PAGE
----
It's only when we see them up against their antagonists that we can really begin to appreciate their predicament and get to rooting for them. Miller's brother in law Joseph Gribble, the panic-stricken hotel manager played by David Beach, tries to reason with the guys to pay up or leave, while Michael McCormick's hotel chain auditor David Wagner brings a heftier, more serious and thus much funnier threat to the situation. It's also interesting that both Beach and McCormick come off as the characters who seem most at home in the 1930's environment. They don’t seem out of place for one second.
Into this mix is introduced the author of the play Miller is attempting to mount, Eric Bryant's eager, yet naïve rube from Elmira named Leo Davis. Although Davis has never been to New York before and seems never to have left his mother's side until now, he's written what's regarded by several producers as a promising play, "Godspeed," which seems to be a cavalcade of American history, sort of a more traditionally patriotic version of a John Dos Passos work. Davis's innocence does contribute further several laughs and helps make believable his sudden relationship with one of the women in the play's cast. What's even better, and helps cement the audience's sympathy for Miller and his associates, is how quickly Davis adjusts to the Miller crowds' wily ways and how easily he joins them in their elaborate plotting.
By the time the third act rolls around, Lamos and company have us eagerly awaiting the next development and though we suspect all will work out well, the fun remains in trying to figure out just how, as a variety of plot points converge with Davis's play finally opening in the long vacant theater off the hotel lobby, the hotel's owner on the way from Washington D.C. where he is a senator, and passel of house detectives snooping around every corner. There's other such (welcome) nonsense as a check that is guaranteed to bounce, an anonymous backer whose name would assure success, and a Russian waiter anxious for a part in the play.
The quartet at the heart of the play do splendidly, as exemplified by an eating scene (what good American farce doesn't have an eating scene?) in which a starving Steinfeld, Bracchitta and Bryant devour a tier of sandwiches and sweets in seconds, while McCormick can easily get a laugh by pretending to be a doctor or simply walking into a room with a three-foot long bunch of bananas. Hayley Treider plays Leo's love interest Hilda quite sweetly and supportively, while Zoe Winters provides Miller's girl friend, Christine, with a wisecracking wisdom that helps inspire some ideas to hoodwink hotel management. Peter Von Berg embodies the Russian waiter quite amiably though he needs to put on more of the Southern accent as the visiting Senator. Beanpole Frank Vlastnik inhabits several multiple roles including an obsequious aide to a notorious millionaire and a remarkably unswerving bill collector.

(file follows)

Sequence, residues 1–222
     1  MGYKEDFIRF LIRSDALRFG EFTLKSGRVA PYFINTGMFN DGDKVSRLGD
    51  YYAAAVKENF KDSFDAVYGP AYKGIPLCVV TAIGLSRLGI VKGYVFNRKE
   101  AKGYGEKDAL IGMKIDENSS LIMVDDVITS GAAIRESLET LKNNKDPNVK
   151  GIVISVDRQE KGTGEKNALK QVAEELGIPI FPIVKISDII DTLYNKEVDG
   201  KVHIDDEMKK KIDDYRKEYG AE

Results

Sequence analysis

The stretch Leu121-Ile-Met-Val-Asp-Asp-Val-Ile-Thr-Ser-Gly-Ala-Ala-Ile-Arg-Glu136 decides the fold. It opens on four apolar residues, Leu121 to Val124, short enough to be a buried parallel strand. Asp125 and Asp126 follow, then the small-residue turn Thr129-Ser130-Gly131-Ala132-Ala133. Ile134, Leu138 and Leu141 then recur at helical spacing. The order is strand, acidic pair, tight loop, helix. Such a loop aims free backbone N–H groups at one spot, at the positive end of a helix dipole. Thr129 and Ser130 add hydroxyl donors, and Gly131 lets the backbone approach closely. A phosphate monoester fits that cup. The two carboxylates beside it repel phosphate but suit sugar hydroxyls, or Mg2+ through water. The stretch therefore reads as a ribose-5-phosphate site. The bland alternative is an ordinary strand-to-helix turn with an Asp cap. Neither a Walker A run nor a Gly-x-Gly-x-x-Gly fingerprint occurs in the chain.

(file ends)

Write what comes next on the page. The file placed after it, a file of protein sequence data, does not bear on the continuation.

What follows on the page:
Wade Laboissonniere has designed a wonderful array of 30's era costumes, from dark business suits to opening night formals, as well as layers of leisure clothes that contribute to a fortunately nonchalant sight gag that wouldn't necessarily work if more attention were devoted to it, especially with modern audiences who have seen that type of joke many times before. The action if nicely if not necessarily entirely comfortably into Arnone's hotel room set with a sofa, two beds, some chairs and, in addition to the four doors, some wall space on which a buck's head will eventually hang.
If one can forget that the Marx Brothers once made horsefeathers out of this play's film version and accept it as a comic play about the struggles of a nearly-broke producer nobly trying to mount a Broadway show, then "Room Service" can be a pleasantly disarming, frequently laugh-out-loud funny way to be warmed by a glowing chestnut.